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Habitat Protections for Florida’s Threatened Manatees Get an Overdue Update

State and federal biologists provided supplemental lettuce earlier this year for starving manatees in the Indian River Lagoon. Photo courtesy FWC
In an effort to help manatees battle the cold temperatures, Florida Power & Light's Cape Canaveral Clean Energy Center has been heating the water on an emergency basis, to prevent as many manatees as possible from dying from the cold. State and federal biologists have been feeding manatees there since mid December to stave off a mass starvation that's been going on in the Indian River Lagoon for more than a year.

ORLANDO, Fla.—The U.S. Fish and Wildlife Service must update and improve habitat protections for the state’s ailing manatees over the next two years, under a legal agreement announced this week.

The agreement comes as the gentle sea cows face extraordinary habitat challenges in Florida, most notably widespread water quality problems and seagrass losses in the 156-mile Indian River Lagoon, crucial manatee habitat on the east coast.

The problems led to a record die-off last year of more than 1,100 manatees in the state, prompting wildlife agencies to resort to the unprecedented measure of providing supplement lettuce for the starving manatees in the lagoon. The mortalities have continued this year, with 562 recorded statewide since January.

Under the agreement, U.S. Fish and Wildlife has until Sept. 12, 2024 to revise the manatee’s critical habitat under the Endangered Species Act. The Center for Biological Diversity, Defenders of Wildlife and Save the Manatee Club, which brought the lawsuit, say the critical habitat, a legal term encompassing waterways considered vital to the manatee’s recovery, has not been updated since 1976. The manatee was downlisted in 2017 from endangered to threatened.

The groups say not only has scientific understanding of the manatee advanced since 1976,  but Congress and U.S. Fish and Wildlife have also redefined what a critical habitat is. For instance while the Indian River Lagoon is included in the manatee’s existing critical habitat, important features like the seagrass are not. The designation prohibits any federal agency from permitting, funding or carrying out any action that adversely would affect the habitat.

“In 1976, what the critical habitat was is essentially just a list of places that we knew manatees existed in,” said Ragan Whitlock, attorney for the Center for Biological Diversity. “So not only has that list of places changed a lot in the last 40 or 50 years, but also what they need to survive, right? So it’s Johnson’s seagrass. It’s access to warm water sites in the winter that they can survive on. And we’re happy now that the Fish and Wildlife Service has recognized that this needs to happen, and there’s no longer placing the manatee on the backburner.”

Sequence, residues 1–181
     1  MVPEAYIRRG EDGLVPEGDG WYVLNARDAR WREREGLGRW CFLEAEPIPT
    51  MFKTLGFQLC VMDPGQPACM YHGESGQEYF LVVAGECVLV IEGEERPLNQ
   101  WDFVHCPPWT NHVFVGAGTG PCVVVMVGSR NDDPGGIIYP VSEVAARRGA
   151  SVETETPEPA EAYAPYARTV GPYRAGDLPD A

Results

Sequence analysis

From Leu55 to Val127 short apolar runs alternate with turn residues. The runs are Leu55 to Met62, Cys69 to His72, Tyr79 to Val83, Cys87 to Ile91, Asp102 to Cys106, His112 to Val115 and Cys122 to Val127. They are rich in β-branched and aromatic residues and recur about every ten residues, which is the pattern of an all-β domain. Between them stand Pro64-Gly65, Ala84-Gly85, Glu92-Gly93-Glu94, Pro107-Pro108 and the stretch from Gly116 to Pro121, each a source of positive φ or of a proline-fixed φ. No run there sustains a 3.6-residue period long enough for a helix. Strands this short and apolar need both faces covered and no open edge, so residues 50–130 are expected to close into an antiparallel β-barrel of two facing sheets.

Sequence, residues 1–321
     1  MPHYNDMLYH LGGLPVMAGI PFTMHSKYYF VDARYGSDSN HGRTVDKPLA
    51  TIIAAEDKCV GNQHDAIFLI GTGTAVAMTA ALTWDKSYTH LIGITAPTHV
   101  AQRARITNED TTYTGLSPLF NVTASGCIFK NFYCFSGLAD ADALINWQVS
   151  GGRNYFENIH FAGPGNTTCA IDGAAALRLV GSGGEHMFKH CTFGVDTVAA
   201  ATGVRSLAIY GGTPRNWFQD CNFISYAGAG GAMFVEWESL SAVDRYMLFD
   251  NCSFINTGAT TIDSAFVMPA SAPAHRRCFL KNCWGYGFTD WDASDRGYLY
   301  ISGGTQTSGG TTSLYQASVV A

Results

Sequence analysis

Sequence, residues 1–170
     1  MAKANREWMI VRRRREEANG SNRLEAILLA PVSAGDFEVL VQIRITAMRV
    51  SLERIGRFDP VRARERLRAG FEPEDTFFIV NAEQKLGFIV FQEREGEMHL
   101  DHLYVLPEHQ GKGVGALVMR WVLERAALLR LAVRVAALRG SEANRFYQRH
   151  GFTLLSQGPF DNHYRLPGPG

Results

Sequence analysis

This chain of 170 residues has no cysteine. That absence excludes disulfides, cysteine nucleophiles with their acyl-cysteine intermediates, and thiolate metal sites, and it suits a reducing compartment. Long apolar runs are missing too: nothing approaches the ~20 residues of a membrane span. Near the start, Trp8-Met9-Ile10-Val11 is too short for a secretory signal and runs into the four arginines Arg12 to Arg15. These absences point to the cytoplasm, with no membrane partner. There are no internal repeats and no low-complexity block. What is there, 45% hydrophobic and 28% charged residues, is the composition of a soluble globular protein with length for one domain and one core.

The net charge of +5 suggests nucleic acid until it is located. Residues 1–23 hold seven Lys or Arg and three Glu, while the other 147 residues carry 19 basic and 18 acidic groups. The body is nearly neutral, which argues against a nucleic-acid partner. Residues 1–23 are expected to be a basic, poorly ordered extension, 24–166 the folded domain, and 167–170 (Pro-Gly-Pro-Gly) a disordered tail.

The conservation groups petitioned U.S. Fish and Wildlife back in 2008 to update and strengthen the manatee’s critical habitat, and in 2009 and again in 2010 the agency acknowledged the update was warranted. But at the time U.S. Fish and Wildlife said it lacked the funding for the effort because of “higher priority actions such as court-ordered listing-related actions and judicially approved settlement agreements,” according to the groups. After the groups made the settlement public this week the agency issued a statement that it was committed to the revision.

The manatee faces other important habitat threats. Harmful algae blooms like those in the Indian River Lagoon that are responsible for the seagrass losses likely will get worse as waters warm with climate change. Some of the blooms, like red tide, are toxic and can poison the manatees.

The cold-sensitive animals tend to gather during the winter near the warm-water outflows of power plants, but they will disappear as power companies shift to cleaner energy sources because of climate change. Florida’s springs, with temperatures that remain constant through the winter, also are experiencing water quality problems and diminishing flows, as they are pressured by groundwater withdrawals for bottling, industrial and residential use.

While some Indian River Lagoon restoration projects are underway, a comprehensive effort likely would cost $5 billion and take some 20 to 30 years to complete. The conservation groups say the number of manatees lost in last year’s die-off represented 13 percent of the state’s population and that at least half of the deaths were related to starvation and malnutrition in the fragile lagoon.

The conservation groups, represented by Earthjustice, filed a separate lawsuit in May against the Environmental Protection Agency. That lawsuit is aimed at the nutrient pollution at the heart of the Indian River Lagoon’s harmful algae blooms and seagrass losses.

The groups say the nutrient pollution is related to wastewater treatment discharges, leaking septic systems and fertilizer runoff, among other sources. The groups hope this week’s settlement can help strengthen that case, said Pat Rose, an aquatic biologist and executive director of the Save the Manatee Club.

“From that standpoint you can then extrapolate that if the seagrasses themselves are specifically designated as critical habitat, … the EPA should not be allowed to adversely affect that critical habitat for manatees,” he said. “So it all fits together in the bigger picture.”

This story was produced in partnership with Inside Climate News. 

Amy Green covered the environment for WMFE until 2023. Her work included the 2020 podcast DRAINED.